National Farmers Union (NFU) is hailing a recent study that found no direct correlation between federal biofuels mandate and increasing food prices. The study was released by ABF Economics, an agriculture and biofuels consulting firm.

“ABF Economics’ report is an example of yet another study that confirms what we have known for some time — biofuels are not the main driver of food prices,” said NFU President Roger Johnson. “Expanding global demand, speculation in commodity markets, and particularly high oil prices are the primary drivers of increased food costs.”

According to the study, food price inflation has increased at a slower rate since 2007, the year the renewable fuel standard (RFU) was last revised. The study also notes that raw commodities represent a small percentage of the final price of food, with energy, food processing, and other outside costs steering food price increases.

“The commodities that our farmers produce receive a very small share of the retail food dollar,” Johnson noted. “Renewable fuels have in fact increased demand for corn, leading to rural economic development and more money in the pockets of farmers.”

According to USDA Economic Research Service, farmers and ranchers only receive 15.8¢ of every food dollar spent by consumers outside the home in the United States. Additionally, more than 80¢ of every food dollar is spent on marketing, processing, wholesaling, distribution and retailing.

“Food manufacturers who have long derided the value of renewable fuels should take heed of these findings and seriously reconsider their stance on the RFS,” Johnson noted.

Statement on the Detection of Genetically Engineered Wheat
in Oregon

USDA Office of Communications Director Matt Paul gave the following update on the detection of genetically engineered wheat in Oregon.

“On May 29, USDA announced that a small number of volunteer wheat plants in an Oregon field had tested positive for genetically engineered (GE) glyphosate-resistant wheat. Extensive testing confirmed the wheat as a variety — MON71800 — developed by Monsanto.

“The detection of this wheat variety does not pose a public health or food safety concern. Monsanto worked with the Food and Drug Administration (FDA) in 2004 to complete a voluntary food and feed safety consultation. Completion of the FDA consultation process means this variety is as safe as non-GE wheat currently on the market.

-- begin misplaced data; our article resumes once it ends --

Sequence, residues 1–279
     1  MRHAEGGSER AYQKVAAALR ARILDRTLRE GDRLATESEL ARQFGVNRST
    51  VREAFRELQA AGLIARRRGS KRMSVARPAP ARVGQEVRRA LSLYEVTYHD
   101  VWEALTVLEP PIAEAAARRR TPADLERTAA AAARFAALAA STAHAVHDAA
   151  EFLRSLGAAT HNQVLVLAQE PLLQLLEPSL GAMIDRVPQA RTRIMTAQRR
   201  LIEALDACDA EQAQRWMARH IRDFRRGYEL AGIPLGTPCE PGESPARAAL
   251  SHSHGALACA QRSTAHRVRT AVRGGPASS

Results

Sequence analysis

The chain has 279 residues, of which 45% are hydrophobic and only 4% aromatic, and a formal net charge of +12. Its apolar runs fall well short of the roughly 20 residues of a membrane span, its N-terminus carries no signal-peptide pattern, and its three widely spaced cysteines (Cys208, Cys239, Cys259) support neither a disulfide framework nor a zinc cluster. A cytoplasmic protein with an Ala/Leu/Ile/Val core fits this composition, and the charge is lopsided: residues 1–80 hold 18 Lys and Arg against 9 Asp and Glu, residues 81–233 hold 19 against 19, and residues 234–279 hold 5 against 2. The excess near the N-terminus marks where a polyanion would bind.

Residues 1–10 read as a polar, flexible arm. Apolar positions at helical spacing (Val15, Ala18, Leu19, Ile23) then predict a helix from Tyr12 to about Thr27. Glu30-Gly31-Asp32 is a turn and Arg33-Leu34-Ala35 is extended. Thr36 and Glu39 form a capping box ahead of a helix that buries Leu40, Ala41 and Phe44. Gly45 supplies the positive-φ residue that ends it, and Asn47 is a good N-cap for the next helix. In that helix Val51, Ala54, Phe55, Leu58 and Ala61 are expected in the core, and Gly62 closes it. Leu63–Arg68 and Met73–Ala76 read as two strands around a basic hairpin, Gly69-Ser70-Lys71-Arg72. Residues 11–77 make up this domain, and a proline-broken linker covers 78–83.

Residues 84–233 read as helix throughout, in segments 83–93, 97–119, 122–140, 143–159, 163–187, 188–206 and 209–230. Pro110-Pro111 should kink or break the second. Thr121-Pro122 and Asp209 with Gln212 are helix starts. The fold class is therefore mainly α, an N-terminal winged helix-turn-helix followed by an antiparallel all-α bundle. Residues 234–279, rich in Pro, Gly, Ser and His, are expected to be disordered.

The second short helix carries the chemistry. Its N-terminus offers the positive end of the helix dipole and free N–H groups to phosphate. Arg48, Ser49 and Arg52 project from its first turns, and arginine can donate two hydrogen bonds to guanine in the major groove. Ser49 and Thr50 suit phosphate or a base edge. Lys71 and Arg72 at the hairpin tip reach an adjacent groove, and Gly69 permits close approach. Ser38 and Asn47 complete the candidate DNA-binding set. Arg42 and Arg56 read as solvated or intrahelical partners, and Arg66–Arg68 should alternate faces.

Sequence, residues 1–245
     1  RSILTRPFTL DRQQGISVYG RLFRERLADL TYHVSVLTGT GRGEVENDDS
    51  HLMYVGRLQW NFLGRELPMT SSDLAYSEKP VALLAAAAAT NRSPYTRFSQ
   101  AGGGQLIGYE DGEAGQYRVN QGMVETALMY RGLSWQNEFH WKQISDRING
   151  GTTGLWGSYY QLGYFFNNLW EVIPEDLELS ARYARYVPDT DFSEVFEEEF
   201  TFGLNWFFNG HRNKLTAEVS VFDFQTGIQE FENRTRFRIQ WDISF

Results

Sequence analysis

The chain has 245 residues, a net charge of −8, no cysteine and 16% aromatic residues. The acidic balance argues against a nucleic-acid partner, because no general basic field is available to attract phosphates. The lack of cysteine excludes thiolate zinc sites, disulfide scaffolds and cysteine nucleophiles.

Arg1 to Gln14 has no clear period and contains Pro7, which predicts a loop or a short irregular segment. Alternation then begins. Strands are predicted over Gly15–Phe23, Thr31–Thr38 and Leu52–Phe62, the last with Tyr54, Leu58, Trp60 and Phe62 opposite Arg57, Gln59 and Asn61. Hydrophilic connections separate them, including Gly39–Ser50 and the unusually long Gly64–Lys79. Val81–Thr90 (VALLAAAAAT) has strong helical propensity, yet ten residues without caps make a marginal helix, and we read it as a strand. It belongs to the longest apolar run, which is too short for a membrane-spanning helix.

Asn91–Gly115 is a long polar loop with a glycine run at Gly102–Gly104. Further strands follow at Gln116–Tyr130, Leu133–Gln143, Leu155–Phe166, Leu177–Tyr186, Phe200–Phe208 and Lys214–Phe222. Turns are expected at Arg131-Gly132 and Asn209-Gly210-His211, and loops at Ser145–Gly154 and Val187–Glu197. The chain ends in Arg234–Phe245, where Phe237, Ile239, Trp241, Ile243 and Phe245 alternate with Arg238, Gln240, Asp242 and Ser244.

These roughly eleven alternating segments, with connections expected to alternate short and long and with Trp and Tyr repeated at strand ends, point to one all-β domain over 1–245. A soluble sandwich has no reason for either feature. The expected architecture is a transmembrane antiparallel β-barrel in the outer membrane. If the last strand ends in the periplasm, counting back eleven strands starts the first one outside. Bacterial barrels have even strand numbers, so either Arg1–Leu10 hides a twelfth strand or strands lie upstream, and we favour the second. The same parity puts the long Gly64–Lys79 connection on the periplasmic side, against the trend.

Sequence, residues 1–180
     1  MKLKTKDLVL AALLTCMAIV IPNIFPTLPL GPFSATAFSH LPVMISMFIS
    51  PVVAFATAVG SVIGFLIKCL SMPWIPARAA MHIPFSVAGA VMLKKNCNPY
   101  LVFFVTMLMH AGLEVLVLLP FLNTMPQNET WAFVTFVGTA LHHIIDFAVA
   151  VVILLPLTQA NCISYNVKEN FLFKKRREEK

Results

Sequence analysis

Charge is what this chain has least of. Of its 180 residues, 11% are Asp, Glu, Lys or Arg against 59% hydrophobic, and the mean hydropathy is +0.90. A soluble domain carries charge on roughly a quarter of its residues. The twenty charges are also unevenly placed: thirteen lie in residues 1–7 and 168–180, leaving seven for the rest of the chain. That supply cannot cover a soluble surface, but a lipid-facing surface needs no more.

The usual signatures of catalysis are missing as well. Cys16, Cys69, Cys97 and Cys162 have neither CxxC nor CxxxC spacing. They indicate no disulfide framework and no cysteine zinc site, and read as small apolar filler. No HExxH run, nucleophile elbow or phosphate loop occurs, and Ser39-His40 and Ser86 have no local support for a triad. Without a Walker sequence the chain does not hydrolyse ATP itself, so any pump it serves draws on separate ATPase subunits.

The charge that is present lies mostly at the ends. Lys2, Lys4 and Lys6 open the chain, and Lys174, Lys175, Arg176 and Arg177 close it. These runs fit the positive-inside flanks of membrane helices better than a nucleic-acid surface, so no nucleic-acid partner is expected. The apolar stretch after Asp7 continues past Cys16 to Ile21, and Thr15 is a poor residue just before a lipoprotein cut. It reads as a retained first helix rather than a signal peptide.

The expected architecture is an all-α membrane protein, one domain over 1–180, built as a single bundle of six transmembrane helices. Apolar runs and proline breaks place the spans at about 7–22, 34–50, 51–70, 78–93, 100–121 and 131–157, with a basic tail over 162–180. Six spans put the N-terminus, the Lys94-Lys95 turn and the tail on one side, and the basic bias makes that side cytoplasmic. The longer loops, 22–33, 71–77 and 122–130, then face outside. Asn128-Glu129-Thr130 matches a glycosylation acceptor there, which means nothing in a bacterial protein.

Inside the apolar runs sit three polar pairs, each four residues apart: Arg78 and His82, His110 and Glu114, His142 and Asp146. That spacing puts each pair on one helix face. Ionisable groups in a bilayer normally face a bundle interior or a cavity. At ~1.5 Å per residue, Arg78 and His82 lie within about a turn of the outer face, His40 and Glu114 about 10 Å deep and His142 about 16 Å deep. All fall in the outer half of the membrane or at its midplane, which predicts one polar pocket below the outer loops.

“USDA began an investigation into this matter on May 3, when an Oregon State University scientist notified USDA’s officials that plant samples they had tested positive for a protein that made them resistant to glyphosate.

“As of today, USDA has neither found nor been informed of anything that would indicate that this incident amounts to more than a single isolated incident in a single field on a single farm. All information collected so far shows no indication of the presence of GE wheat in commerce. Investigators are conducting a thorough review. They have interviewed the person that harvested the wheat from this field, as well as the seed supplier who sold the producer wheat seed; obtained samples of the wheat seed sold to the producer and other growers; and obtained samples of the producer’s wheat harvests, including a sample of the producer’s 2012 harvest. All of these samples of seed and grain tested negative for the presence of GE material.”

For more information, please view the full release here.

Nitrogen Application Means Green Crop and Cash

Producers who don’t plan, watch and act for nitrogen deficiencies in their corn will lose green in their crop and at the bank, says a University of Missouri (MU) Extension plant scientist.

Peter Scharf said drenching rains have depleted nitrogen fertilizer from the soil, especially anhydrous ammonia applied last fall. That was seven hard months ago. Fall weather was good for fieldwork, so Missouri corn producers applied nitrogen then in larger-than-usual quantities. Those who didn’t apply in the fall had to apply this spring, when it’s been too muddy to work most days, but the risk of losing nitrogen applied in spring is lower.
Snow and rain in February and March began replenishing moisture to drought-stricken soils.

The rain kept coming. Almost 60 million acres in the Midwest received more than 16 inches of rain between April 1 and June 9, prime planting time. Iowa and Missouri got particularly damp.

When it gets this wet, N-Serve added to fall-applied ammonia doesn’t provide enough protection from nitrogen loss, Scharf said. He suspects that well-drained soils have had the largest losses because the heaviest rains fell during April, when well-drained soils are more vulnerable to loss than poorly drained fields.

As a result, farmers who applied nitrogen before planting should plan how they will apply additional fertilizer and what equipment will be available, he said. Additionally, fertilizer retailers should make plans on how to help customers apply nitrogen to growing corn. Scharf says good options include tractor-driven injection equipment, tractor-drawn dry N buggies, sprayers equipped with drip nozzles, high-clearance self-propelled spinners and airplanes.

For more information, please view the full release here.